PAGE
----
Some authorities contend that if the Irish public had ratified the Lisbon Treaty in the referendum, then there would have been a greater impact on the EU in terms of democracy and transparency. This would have enabled the European Parliament to act with renewed vigour. In addition, there would have been a greater degree of participation by the Member States in the EU’s functions. The European citizens directly elect the members of the European Parliament (Evans 2008).

The Lisbon Treaty would provide it with greater power in the law making process in the EU. It would also provide the EU Parliament with enhanced power over the budget and in international agreements. Furthermore, the Citizens Initiative is a new concept which allows one million European Union citizens to direct the Commission to come up with policy proposals. In this manner the new Treaty could have made the EU more unified and accessible to the citizens of Europe (Evans 2008).

The rejection of the Lisbon Treaty by Ireland has caused considerable difficulties for the EU. At this juncture, the EU cannot attempt a re – negotiation with Ireland, analogous to the manner in which it did in 2002, during the Nice treaty ratification. This is because the situation is far more complicated and such endeavours could result in isolating several Member States. The Irish rejection of the Lisbon Treaty has indicated that it is keen to retain its independence, rather than surrender it to the leaders in Brussels  (Gow 2008 ).

            In the extant system, there is a member from each of the Member States in the Commission, and in 2009 a new Commission will come into force, which will be in existence for the next five years. This new Commission will comprise of a representative nominated by each Member State in the Union. Under the proposed Lisbon Treaty’s system, there will be a Commissioner who will be nominated by a two – thirds majority of the total Member States. This new Commissioner’s post will be implemented from the year 2014, provided the Treaty is ratified by all the Member States (The Lisbon Treaty n.d.).

The present number of Member States in the EU is 27. According to the new Treaty, there will be 18 Commissioners nominated by the Member States from 2014 to 2019, or two – thirds of the Member States, will nominate a Commissioner, at any point of time. The Member States will have the right to nominate a Commissioner. However, this right is to be shared between them on a rotation basis. Such nomination of members to the Commission is applicable for two out of every three Commissions. The Lisbon Treaty creates a new post of High Representative for Foreign Affairs and Security Policy. One of the Commissioners would hold that post (The Lisbon Treaty n.d.).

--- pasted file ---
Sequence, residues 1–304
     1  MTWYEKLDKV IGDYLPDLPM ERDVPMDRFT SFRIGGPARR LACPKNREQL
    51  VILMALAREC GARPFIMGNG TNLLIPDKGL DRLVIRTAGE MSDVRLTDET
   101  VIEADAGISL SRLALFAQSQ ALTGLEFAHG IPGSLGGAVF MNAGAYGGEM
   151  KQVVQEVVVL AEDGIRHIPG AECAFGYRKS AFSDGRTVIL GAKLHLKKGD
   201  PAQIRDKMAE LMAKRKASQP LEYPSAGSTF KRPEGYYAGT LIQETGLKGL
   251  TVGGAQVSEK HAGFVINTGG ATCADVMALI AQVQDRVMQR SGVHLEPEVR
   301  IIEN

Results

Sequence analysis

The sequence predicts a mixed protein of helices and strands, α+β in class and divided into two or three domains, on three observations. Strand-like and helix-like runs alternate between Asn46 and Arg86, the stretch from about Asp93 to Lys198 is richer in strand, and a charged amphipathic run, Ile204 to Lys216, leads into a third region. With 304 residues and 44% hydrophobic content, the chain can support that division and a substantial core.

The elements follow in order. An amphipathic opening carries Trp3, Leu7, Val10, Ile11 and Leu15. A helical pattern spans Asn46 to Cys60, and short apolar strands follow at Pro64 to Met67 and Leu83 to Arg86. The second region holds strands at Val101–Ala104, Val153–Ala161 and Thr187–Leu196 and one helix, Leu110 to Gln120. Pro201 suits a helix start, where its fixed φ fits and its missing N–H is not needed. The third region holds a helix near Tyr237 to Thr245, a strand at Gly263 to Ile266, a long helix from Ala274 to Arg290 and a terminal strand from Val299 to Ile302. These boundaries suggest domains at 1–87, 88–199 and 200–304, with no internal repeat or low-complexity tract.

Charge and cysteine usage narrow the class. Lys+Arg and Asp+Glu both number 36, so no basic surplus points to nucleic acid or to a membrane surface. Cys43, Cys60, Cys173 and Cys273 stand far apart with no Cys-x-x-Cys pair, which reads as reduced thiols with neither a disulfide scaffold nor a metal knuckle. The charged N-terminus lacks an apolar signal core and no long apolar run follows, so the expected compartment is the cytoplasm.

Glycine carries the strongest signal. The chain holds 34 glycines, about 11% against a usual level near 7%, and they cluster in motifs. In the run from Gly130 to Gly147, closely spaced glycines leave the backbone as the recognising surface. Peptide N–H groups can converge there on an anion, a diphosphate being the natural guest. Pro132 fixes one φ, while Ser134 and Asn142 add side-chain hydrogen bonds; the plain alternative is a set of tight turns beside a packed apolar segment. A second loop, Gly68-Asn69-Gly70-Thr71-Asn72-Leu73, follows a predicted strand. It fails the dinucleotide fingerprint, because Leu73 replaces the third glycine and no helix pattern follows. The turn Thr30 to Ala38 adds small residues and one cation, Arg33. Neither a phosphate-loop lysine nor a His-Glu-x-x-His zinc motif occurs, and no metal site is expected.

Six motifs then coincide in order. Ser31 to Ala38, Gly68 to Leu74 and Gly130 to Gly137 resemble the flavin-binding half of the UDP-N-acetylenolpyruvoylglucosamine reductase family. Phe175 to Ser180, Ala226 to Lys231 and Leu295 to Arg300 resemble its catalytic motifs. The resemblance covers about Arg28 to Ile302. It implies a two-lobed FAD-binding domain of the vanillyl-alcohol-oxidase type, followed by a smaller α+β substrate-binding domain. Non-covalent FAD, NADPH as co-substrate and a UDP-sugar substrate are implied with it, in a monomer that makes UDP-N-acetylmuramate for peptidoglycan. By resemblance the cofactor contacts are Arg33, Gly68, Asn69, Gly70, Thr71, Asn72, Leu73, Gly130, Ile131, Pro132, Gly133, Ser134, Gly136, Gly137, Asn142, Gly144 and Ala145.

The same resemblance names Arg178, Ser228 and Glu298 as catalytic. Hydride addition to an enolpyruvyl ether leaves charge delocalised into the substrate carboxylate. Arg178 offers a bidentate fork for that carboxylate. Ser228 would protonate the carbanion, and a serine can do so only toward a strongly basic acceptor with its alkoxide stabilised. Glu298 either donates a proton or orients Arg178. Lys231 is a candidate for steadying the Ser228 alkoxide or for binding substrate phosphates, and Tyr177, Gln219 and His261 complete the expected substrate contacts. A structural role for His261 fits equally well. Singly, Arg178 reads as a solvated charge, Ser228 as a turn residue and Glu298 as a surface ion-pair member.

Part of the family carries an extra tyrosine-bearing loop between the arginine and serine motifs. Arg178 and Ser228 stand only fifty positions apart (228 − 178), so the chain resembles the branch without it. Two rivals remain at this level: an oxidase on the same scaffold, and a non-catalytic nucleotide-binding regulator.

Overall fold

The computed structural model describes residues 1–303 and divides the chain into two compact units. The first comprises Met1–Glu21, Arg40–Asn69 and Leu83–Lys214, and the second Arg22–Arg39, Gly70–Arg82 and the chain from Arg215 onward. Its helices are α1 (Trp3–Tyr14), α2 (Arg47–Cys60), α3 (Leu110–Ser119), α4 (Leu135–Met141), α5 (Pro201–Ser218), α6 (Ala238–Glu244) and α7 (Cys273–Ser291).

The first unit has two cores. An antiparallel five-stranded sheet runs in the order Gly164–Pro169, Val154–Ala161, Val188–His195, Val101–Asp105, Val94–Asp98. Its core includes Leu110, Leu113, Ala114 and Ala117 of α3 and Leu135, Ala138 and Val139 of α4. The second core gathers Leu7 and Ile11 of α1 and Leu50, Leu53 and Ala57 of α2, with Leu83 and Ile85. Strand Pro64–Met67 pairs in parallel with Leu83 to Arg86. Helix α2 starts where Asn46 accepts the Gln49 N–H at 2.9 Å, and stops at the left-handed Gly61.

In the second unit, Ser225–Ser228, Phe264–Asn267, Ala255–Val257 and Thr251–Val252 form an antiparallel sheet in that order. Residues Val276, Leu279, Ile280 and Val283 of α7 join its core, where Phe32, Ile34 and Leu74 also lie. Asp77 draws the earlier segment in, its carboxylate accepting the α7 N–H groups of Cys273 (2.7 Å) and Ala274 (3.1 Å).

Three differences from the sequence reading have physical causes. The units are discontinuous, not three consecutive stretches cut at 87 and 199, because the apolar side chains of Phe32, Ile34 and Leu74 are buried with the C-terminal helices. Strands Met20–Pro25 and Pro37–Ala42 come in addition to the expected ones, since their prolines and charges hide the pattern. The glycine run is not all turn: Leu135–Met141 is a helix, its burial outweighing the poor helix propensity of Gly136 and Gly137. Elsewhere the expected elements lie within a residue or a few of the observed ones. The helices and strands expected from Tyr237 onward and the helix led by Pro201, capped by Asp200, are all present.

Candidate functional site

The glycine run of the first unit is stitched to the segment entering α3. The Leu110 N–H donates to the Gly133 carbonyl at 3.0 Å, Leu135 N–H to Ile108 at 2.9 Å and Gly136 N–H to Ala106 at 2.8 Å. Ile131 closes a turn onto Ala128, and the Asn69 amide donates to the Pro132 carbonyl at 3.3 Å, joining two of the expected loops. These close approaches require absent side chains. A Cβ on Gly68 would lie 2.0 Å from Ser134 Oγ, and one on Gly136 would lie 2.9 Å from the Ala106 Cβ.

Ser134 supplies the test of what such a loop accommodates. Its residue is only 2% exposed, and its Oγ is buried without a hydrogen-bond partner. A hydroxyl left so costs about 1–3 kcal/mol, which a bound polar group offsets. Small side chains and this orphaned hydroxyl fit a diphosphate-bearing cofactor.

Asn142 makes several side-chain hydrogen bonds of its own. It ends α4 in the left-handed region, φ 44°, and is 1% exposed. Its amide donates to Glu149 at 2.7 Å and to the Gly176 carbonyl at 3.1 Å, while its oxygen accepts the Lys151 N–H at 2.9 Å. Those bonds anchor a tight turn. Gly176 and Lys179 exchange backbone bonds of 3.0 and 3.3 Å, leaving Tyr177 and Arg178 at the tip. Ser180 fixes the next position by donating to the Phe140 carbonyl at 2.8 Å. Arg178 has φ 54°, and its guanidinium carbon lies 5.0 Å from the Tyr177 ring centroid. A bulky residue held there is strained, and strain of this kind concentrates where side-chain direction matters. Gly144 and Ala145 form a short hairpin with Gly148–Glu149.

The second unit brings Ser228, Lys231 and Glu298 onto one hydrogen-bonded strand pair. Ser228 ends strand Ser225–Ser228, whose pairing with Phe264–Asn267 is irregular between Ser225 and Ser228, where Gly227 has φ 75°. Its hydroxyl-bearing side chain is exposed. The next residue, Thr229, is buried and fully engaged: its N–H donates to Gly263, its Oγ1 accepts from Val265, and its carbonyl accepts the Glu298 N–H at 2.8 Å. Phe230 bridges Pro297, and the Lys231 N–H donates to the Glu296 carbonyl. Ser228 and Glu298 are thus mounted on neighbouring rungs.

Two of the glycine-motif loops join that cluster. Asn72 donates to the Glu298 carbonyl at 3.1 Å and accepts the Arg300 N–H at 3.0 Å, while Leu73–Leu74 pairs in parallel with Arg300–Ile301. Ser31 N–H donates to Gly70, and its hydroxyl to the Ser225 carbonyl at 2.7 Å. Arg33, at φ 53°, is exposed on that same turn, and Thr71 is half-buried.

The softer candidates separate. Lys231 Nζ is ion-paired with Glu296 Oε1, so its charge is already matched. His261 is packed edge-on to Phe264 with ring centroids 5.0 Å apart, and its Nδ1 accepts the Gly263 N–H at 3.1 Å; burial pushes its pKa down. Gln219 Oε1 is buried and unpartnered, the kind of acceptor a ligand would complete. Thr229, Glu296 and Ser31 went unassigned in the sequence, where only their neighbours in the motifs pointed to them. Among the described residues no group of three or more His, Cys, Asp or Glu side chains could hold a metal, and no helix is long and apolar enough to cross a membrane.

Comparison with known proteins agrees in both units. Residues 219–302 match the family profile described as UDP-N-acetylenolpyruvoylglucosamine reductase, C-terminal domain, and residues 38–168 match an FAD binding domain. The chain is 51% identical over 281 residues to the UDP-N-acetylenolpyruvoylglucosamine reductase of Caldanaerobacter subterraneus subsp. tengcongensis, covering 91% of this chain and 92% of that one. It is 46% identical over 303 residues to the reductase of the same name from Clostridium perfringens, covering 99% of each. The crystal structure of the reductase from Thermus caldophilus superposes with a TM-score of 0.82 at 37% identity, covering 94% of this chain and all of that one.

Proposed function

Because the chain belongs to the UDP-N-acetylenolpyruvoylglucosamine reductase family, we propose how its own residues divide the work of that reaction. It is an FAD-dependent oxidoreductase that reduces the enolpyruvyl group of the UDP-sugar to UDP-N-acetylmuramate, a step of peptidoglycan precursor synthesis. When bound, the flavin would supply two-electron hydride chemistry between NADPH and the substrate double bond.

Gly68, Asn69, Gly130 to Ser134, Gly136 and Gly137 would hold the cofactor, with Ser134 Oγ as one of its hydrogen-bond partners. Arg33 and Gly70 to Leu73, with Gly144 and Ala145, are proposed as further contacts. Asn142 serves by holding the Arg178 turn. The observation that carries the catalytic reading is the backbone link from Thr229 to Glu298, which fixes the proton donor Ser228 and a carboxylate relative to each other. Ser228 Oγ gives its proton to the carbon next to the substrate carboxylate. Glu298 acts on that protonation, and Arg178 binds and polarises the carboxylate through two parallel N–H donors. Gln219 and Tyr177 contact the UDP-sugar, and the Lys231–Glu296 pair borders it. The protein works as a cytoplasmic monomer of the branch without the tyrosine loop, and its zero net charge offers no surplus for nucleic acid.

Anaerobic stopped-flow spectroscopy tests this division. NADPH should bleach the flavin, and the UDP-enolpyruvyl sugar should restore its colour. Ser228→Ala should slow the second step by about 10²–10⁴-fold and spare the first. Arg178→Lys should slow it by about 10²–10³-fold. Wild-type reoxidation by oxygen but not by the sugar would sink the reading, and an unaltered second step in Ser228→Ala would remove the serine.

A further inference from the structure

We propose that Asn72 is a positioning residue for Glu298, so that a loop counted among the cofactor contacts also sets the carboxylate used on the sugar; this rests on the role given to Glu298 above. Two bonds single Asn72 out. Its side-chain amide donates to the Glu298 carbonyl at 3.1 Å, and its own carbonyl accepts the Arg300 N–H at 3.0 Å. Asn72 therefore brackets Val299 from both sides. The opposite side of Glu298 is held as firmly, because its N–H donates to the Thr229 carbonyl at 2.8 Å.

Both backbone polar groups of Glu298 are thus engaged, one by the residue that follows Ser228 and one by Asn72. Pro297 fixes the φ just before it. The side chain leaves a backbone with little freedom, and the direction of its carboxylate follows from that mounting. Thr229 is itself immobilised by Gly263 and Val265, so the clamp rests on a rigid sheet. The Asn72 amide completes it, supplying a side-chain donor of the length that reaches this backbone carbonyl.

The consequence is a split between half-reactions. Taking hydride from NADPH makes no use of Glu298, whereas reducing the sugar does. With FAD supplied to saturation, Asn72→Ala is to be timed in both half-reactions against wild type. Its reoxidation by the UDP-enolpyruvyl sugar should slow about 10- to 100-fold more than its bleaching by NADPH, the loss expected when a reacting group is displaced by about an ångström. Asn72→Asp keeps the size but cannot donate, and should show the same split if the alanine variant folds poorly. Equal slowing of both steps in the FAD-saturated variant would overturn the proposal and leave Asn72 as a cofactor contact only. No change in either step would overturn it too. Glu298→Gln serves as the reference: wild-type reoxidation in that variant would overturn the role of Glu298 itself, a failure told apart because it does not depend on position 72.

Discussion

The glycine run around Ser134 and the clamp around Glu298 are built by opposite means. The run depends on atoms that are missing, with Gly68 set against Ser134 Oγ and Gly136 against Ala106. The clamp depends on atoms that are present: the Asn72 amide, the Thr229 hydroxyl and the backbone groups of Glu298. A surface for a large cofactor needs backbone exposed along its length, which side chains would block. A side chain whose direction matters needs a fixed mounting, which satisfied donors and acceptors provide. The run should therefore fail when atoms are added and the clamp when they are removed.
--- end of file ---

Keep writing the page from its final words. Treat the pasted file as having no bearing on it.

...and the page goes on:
The Lisbon Treaty aims to introduce several new procedures within the Council of Ministers. In the existing system, the decision making process of the Council is held in private. On a few occasions it has conducted debates on policy matters in public. However, this situation is to change with the new Treaty. The meetings of the Council will be conducted in public, during the course of making legislation (The Lisbon Treaty n.d.).

The Council will conduct public debates, prior to approving new legislation. At present, the Council takes important decisions unanimously. It utilizes the process of qualified majority voting for some decisions. The vote of each Member State is attributed a particular weight in the system of qualified majority voting, and this weight is not proportionate to that Member State’s population (The Lisbon Treaty n.d.).

Under this weighted system, some of the smaller nations enjoy a higher share that is not proportionate to the population in their country. The Lisbon Treaty attempts to change this situation. It will extend the qualified majority voting system to several areas of the EU system; and increase the scope of application of the qualified majority voting, by including more areas under its ambit. Moreover, the treaty would also change the system of qualified majority voting that takes place in the Council, with effect from the year 2014 (The Lisbon Treaty n.d.).